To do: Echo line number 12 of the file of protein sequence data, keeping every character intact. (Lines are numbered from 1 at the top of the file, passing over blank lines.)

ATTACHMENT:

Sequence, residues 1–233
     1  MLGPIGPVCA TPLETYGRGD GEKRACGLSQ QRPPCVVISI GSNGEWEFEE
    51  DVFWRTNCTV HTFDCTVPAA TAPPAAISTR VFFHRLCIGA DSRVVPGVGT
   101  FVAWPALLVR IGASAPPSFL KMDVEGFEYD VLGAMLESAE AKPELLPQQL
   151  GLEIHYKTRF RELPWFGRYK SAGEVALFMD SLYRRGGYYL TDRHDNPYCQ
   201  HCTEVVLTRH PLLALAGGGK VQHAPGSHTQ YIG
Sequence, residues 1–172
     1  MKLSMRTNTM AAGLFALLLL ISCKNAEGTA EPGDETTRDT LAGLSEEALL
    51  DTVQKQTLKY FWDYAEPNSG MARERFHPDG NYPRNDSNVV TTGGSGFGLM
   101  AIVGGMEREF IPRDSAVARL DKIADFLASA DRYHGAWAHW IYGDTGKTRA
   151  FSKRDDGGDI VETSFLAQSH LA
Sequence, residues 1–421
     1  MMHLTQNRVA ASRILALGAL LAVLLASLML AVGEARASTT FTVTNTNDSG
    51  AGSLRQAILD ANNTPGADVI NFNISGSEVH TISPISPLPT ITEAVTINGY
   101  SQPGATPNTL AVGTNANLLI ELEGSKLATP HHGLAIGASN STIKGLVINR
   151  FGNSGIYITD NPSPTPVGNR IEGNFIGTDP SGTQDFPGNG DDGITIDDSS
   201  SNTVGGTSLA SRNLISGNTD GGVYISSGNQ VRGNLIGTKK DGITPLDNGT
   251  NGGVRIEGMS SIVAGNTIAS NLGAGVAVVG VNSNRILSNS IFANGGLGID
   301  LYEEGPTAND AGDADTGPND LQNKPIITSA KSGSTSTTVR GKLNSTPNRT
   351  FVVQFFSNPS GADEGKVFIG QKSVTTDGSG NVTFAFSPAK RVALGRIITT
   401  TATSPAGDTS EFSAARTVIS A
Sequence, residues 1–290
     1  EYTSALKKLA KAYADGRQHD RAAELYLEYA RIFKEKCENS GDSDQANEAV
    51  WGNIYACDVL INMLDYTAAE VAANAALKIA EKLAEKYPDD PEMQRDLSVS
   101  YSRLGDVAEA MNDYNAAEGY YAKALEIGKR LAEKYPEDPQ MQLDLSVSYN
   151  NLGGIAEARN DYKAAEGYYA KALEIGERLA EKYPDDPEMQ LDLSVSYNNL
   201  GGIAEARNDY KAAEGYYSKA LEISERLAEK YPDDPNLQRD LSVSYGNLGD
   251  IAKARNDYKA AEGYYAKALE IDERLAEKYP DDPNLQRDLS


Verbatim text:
Sequence, residues 1–421